Wurzburg is a Franconia city in the northern tip of Bavaria, Germany. It is located on the Main River approximately 120 kms from Frankfurt and Nuremberg by road and it is a center for culture, exports, trade, and commerce. It is the capital of the Regierungsbezirk Unterfranken. It is a German speaking city with the regional dialect as Franconian. The city itself is not included in the district of Wurzburg but is its administrative seat and holds a population of roughly 131,320 (2006 census). Wurzburg started as a Celtic fortification in 1000 BC where the Castle Marienberg now stands. As it was Christianized in 686 by Kilian, Colman, and Totnan; a group of Irish missionaries wanting to convert the area. First called Vurteburch in 704, the first diocese was founded by Saint Boniface in 742 who appointed Saint Burkhard as the first bishop of Wurzburg. The bishops created a duchy in the center of the city which extended throughout the 12th century to Eastern Franconia. Wurzburg became the seat of several Imperial diets, including the one of 1180, in which Henry the Lion was banned from the Empire and his duchy was handed over to Otto of Wittelsbach. [wikipedia] In 788, the first church was built and became the present Würzburg Cathedral and was later consecrated that same year by Charlemagne. It was converted to Romanesque style from 1040 to 1225. Wurzburg is also home to the infamous University: The University of Würzburg, which was founded in 1402 and re-founded in 1582.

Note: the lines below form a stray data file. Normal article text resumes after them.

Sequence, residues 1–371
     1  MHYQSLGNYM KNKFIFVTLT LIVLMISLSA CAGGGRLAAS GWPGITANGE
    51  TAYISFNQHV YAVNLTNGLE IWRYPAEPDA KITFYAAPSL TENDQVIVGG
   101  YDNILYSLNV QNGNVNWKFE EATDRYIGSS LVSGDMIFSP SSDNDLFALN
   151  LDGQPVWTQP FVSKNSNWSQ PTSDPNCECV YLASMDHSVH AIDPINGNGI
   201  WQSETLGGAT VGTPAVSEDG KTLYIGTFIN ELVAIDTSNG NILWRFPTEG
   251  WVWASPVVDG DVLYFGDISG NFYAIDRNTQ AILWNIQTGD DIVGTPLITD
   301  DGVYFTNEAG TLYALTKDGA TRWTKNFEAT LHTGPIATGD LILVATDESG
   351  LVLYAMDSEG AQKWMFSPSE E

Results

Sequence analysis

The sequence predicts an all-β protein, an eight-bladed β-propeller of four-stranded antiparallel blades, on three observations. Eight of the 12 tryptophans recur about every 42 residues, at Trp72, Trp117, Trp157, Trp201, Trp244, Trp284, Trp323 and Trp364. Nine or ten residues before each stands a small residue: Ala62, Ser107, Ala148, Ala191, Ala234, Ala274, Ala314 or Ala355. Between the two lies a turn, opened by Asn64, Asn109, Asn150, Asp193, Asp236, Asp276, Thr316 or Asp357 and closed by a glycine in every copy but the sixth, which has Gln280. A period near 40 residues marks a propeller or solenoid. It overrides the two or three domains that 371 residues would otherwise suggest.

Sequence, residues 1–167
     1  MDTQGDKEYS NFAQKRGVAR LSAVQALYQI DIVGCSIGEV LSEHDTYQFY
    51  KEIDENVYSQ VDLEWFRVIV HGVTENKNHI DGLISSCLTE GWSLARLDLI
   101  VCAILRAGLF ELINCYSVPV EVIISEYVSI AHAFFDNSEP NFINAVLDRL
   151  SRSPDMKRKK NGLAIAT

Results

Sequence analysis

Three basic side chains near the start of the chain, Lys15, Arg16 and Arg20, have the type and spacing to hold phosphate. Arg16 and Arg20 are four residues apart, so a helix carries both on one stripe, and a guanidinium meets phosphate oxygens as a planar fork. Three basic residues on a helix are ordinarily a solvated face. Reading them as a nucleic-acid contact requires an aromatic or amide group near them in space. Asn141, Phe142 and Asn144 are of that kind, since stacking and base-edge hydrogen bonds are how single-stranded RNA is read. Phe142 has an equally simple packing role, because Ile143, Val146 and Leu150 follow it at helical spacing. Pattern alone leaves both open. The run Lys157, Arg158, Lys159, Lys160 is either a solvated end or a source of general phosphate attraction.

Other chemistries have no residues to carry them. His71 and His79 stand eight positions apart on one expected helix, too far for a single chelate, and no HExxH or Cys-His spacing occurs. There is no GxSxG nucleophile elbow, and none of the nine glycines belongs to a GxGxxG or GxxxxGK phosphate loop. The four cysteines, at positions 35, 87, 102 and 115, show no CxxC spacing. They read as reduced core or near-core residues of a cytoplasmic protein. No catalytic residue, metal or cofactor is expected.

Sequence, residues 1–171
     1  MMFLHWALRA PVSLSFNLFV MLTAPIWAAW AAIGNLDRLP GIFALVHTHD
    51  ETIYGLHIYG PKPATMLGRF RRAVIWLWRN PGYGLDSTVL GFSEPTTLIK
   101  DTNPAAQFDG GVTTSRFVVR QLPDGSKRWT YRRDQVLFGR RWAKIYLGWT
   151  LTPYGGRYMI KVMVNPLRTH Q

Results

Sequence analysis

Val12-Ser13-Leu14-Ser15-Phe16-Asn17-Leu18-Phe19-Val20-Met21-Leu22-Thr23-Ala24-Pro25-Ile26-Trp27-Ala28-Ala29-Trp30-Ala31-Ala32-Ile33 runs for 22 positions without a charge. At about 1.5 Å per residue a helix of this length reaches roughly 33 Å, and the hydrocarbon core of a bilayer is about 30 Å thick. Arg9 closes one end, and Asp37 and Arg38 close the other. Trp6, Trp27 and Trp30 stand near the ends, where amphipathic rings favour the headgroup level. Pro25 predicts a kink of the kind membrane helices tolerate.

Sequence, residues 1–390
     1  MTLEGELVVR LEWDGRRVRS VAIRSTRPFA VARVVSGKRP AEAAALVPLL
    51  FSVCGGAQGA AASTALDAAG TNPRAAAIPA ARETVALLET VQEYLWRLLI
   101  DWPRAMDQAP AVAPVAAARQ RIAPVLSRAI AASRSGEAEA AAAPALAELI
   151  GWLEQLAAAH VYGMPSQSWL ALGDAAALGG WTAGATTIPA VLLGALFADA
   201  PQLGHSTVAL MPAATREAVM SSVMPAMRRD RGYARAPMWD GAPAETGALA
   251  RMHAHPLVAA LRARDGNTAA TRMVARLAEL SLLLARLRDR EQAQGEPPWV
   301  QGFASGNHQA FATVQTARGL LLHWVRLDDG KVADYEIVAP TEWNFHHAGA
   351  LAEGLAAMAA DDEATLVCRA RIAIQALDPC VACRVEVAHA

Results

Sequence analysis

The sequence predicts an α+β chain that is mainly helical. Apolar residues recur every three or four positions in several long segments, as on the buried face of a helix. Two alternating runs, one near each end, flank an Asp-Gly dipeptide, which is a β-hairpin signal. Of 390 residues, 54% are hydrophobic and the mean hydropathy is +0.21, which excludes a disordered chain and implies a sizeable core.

Monday, 6 April 2009
The adventurers made it to Wurzburg. Wandering around the streets and exploring the artistic architecture, statues, and sights. The adventurers were in awe of what a beautiful city Wurzburg is. Sir Thomas Leaf, Lady Vanssa, and Princess Brea crossed the bridge with all the statues to see how far a walk it would be to make it to the Castle on foot. Deciding against it, they opted for a scenic walk along the waterfront and over to the Tourist Information center. Soon thereafter, Lord Christian picked the group up in his motor-carriage and drove them up to the Castle. There they explored the still used interiors, walls, towers, and well. A key was held in the hand of a Saint and the other who may have held one, was missing the arm that would of held the missing key. Could this be the heavily sought after “Key?” to “Life”? Was the key in the hands of this other statue and cut off by someone who wanted “the sacred key of life”? Bedazzled and confused, the adventurers continued on as Sir Thomas Leaf believed a mighty Troll may have taken the Key to Belgium. Omens and prophecies said the key would be there. Being a reknown diviner – faith was planted to follow his intuition. After the castle, it was a couple hour drive to Dusseldorf. The party dropped by Sir Ingo the Great’s for some tea and cake, then Lady Vanessa lured Princess Breanna and Sir Thomas Leaf off for some Lebanese fast food. That evening they took it easy and settled down to a movie satisfied with their adventure.